|nope, just not doing it for me|
The Girl with the Squirrel Tattoo – Few have even heard of this novel, but before The Girl Who Played with Fire, and The Girl Who Kicked The Hornet’s Nest followed up The Girl With The Dragon Tatoo, there was this botched sequel. It didn’t take long for publishers to realize that squirrels, despite their propensity to spread bubonic plague, weren’t as menacing as they thought. They also make weak tattoos.
The Stationary – The Notebook was a tearjerker that broke the hearts of many, but the follow up to this love story was nowhere close to the original. No one at CVS could be reached for comment after the flop hit bookstores, but rumor has it corporate knew all along that notebooks are far and away the preferred choice in their paper aisle. In addition, where the prequel focused more on the main character’s journey of love together, this follow up focused on nothing more than a spiral bounded stationary.
Gone with the Breeze – We should’ve seen this coming. It was hard enough as it was to believe that any human would disappear simply with a gust of wind, so a breeze seems even more unlikely. Writers underestimated incredulous readers and their cockiness got the best of them here. Before putting this to print, they tossed around the idea of Gone with the Tornado or We think they’re gone, but they might just be missing with the Cyclone, but opted for the gentler version of moving air. Bad call.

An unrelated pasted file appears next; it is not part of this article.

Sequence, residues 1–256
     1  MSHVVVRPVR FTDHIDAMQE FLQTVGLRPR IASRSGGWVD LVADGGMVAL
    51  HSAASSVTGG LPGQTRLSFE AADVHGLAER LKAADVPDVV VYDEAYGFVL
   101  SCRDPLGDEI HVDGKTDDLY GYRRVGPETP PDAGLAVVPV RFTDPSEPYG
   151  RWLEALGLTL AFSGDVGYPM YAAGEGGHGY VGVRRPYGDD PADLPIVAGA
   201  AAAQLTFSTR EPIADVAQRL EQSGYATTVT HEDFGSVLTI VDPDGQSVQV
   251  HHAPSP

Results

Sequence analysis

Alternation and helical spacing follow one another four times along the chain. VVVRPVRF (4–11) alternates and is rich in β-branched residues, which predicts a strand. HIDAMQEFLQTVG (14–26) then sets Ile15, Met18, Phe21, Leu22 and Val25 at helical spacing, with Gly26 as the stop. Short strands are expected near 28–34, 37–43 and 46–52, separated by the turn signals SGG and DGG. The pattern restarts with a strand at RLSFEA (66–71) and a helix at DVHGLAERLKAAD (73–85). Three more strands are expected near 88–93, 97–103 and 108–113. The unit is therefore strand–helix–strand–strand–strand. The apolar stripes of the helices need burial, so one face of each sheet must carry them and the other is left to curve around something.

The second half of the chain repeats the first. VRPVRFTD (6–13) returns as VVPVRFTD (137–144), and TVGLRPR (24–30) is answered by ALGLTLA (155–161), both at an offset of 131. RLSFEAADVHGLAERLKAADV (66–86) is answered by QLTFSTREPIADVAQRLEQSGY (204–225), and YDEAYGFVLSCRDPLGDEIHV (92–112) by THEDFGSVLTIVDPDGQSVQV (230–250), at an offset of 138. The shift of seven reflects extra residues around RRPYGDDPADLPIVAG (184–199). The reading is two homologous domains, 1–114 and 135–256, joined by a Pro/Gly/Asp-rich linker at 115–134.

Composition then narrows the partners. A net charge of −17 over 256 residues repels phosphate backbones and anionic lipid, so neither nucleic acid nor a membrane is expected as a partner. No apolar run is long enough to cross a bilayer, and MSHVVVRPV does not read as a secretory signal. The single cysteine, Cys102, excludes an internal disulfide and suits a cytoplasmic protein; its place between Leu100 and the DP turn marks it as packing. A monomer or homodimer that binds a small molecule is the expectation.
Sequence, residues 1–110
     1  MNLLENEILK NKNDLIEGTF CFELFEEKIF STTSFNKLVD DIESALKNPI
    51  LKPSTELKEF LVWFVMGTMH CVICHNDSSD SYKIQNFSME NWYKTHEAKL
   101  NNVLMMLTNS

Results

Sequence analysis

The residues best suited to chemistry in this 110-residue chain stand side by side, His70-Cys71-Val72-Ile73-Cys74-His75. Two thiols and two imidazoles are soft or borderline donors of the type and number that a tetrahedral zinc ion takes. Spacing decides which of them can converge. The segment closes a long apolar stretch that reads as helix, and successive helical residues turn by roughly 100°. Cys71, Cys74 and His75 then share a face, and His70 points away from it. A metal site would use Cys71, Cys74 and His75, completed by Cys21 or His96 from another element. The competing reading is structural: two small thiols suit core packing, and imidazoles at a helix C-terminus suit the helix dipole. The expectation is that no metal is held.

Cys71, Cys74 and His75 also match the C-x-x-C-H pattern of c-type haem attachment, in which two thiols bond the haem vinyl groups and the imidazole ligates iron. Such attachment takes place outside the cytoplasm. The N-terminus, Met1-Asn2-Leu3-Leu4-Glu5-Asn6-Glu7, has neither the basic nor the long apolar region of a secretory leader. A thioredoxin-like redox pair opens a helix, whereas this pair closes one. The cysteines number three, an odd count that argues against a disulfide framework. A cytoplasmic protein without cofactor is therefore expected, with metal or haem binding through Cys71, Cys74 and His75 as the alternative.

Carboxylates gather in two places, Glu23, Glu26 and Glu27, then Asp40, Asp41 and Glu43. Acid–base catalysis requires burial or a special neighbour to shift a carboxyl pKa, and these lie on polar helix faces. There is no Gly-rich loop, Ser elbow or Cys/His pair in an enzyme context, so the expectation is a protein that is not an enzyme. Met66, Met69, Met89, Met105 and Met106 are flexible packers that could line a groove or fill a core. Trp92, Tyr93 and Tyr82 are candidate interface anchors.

|Even though he could make a mean|
omelet, his breakfast never caught on
Breakfast at Mauricio’s – Let face it, no one wants to eat breakfast at a sleazy, hairy-chested, sweaty brutes house in the morning. Tiffany graced us all at our breakfast tables, stealing our hearts in the process, but Mauricio became the poster slob for anyone trying to lose weight by starving themselves. Once you read this book you’ll be ninety times more likely to skip a morning meal.
Minimal Expectations – I think the initial approach here was to hit the market of people who look at the world half empty but they failed miserably when they realize most of those people don’t read. Good Expectations did a little bit better but that is only because it was written as a European, risqué, trashy sex novel where the women expected very little from their male counterparts. Both failed to duplicate the historical classic, Great Expectations.
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